During the New Year's Eve dinner, I became vaguely aware that Evith and Grandpa were staring at me. I had ham in my mouth and I was cutting a piece of prime rib and my plate (third plate) had maybe three pounds of mashed potatoes piled on it. I looked up (felt the stares). Evith and Grandpa stared back.

“Whuh?” I said, mouth full of ham.

Evith shook her head. “Like seeing a ghost,” she said.

“This is what I'm saying,” Grandpa said to her.

“Felton is sitting at the table, duh,” Tovi said. “He can hear you.”

I swallowed the ham, then looked back and forth between them. “Tovi's right. I can totally hear you,” I said.

“You just look so much like your dad,” Evith said.

“I know, I know,” I said. “I've heard it all before.”

“Not just look,” Grandpa Stan said. “You act. You are. You eat like Steven.”

“I eat like my dad?” It sounded so ridiculous. My head buzzed a little. “Everybody eats, Grandpa. You eat like Dad too. So does Tovi.”

“No,” he said. “Nobody eats like Steven but you.”

I pushed my chair back and stood up. “Well, I'll stop then. Don't mean to bother you.”

“No, honey…” Evith said.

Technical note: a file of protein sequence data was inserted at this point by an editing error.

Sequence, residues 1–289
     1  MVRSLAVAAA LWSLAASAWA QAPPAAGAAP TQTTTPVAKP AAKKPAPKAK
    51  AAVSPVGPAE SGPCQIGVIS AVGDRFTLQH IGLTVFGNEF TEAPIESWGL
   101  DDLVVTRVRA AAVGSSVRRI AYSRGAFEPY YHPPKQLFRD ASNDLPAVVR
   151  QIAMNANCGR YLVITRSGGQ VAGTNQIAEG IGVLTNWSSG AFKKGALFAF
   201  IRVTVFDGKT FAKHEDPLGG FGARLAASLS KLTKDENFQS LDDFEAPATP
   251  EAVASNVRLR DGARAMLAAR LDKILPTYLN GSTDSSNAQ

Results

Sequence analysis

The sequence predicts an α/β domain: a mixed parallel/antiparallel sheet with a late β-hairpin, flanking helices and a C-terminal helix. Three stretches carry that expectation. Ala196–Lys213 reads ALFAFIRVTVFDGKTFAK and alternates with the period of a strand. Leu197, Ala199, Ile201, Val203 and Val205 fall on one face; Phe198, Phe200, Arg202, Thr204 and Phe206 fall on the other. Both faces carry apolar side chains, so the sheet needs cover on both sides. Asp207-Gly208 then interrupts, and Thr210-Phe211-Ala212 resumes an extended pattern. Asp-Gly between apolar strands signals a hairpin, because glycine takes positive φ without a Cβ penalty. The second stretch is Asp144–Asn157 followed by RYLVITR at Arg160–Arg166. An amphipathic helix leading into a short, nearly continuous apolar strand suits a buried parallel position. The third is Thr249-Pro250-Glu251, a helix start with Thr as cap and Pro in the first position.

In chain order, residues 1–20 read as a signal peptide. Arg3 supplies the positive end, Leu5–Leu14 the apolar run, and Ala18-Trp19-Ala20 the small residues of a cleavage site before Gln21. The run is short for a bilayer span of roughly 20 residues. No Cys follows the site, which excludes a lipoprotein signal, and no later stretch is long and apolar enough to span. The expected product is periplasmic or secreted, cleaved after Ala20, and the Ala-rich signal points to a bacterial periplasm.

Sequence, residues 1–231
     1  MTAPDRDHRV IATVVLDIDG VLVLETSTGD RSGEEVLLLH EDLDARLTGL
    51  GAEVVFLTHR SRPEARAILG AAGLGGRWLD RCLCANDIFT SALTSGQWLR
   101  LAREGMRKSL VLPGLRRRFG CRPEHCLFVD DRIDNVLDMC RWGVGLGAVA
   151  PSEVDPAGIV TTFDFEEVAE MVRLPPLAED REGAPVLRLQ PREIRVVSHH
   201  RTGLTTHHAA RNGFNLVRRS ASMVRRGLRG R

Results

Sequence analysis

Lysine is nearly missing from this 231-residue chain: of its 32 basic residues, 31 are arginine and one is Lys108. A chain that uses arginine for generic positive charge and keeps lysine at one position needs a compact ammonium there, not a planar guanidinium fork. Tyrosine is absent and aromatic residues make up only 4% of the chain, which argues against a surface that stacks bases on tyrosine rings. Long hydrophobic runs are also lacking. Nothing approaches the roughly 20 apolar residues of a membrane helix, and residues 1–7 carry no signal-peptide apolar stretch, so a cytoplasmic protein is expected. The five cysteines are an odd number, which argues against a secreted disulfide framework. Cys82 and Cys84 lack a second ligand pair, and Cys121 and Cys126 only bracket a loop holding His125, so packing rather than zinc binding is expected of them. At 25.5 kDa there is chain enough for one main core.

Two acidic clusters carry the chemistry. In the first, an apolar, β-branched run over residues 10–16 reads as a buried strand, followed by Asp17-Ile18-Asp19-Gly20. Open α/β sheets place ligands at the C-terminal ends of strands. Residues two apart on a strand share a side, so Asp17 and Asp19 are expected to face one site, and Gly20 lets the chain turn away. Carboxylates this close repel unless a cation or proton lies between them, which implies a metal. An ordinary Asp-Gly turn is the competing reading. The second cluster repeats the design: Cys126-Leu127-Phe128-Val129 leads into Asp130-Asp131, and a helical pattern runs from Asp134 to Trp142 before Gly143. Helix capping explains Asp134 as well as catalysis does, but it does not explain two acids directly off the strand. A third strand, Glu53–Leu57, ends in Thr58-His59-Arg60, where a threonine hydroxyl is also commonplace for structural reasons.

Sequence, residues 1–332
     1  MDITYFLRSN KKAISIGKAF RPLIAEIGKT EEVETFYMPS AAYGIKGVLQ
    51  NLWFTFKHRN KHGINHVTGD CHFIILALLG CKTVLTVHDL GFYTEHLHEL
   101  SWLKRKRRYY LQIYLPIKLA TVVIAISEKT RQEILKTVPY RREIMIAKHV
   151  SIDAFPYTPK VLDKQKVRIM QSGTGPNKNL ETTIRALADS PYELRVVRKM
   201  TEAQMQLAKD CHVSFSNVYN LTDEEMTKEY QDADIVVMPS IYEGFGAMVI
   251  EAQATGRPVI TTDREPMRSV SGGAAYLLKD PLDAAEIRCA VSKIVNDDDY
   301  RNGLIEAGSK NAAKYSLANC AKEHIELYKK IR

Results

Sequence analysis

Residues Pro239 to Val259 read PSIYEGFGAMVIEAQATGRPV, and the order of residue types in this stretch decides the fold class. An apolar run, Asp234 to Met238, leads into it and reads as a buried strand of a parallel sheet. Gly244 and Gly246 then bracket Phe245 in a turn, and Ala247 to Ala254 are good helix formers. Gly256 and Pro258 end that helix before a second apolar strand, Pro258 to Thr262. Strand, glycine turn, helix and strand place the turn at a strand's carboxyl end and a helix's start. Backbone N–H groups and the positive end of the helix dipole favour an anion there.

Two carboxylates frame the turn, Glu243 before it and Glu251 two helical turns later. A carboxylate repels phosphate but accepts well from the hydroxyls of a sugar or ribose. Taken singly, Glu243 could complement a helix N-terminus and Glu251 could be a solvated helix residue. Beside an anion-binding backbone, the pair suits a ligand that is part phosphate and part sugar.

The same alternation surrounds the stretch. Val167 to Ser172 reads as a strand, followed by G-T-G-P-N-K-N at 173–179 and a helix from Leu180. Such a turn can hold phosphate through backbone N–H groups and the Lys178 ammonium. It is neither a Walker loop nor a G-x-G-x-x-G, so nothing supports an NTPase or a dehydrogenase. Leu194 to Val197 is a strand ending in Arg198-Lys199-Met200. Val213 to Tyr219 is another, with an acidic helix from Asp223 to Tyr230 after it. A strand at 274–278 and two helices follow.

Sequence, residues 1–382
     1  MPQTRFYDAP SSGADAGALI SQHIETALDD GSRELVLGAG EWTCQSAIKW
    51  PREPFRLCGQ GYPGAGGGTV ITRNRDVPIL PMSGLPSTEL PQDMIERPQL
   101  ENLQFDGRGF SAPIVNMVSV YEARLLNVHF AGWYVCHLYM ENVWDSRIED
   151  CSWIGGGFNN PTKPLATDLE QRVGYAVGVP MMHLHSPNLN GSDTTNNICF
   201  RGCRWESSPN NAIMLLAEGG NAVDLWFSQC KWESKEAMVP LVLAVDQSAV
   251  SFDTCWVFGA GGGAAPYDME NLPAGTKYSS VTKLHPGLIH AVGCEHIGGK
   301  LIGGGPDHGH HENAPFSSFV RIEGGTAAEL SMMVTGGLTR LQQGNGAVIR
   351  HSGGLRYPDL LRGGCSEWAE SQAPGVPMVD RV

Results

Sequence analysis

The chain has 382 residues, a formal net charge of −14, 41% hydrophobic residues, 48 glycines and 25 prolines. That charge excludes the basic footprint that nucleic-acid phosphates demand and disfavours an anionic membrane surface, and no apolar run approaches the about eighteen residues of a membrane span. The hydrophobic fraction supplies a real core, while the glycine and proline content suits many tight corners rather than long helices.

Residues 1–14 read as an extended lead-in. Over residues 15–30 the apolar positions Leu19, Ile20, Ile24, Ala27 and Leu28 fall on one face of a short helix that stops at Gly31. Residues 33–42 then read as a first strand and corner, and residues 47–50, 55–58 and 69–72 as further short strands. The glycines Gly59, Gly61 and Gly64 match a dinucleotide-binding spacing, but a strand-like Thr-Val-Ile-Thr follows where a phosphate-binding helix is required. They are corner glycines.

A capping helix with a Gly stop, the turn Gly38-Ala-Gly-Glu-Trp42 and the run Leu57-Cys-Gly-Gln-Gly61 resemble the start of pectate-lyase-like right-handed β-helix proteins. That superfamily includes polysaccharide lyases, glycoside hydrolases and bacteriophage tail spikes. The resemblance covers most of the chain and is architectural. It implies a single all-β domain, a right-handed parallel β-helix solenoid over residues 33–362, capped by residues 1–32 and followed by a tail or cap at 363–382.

“Sit down, Felton. Grandpa doesn't mean anything bad,” Andrew said.

“I mean, I want to help you,” Grandpa said, his face flushing. His tufty white hair stood on end. “Have you ever tried meditating?”

This made Tovi burst out laughing. “You guys are so nuts!”

” Grandpa shouted. “

People at tables around us paused. They stared at us.

“Sorry,” Tovi said.

What's weird is that I'd already sat back down and I was already eating again. Jesus balls, I love me a buffet.


One of Dad's T-shirts from the drawer has a picture of hand on it pointing to the left. Above it, in these blocky 1980s letters, are the words, “I'm with Stupid.” There's a picture in a family album of Dad, maybe seventeen, arm around Evith, maybe fourteen, wearing this shirt. “I'm with Stupid”—arrow pointing at Evith. It totally killed me. I thought it was hilarious.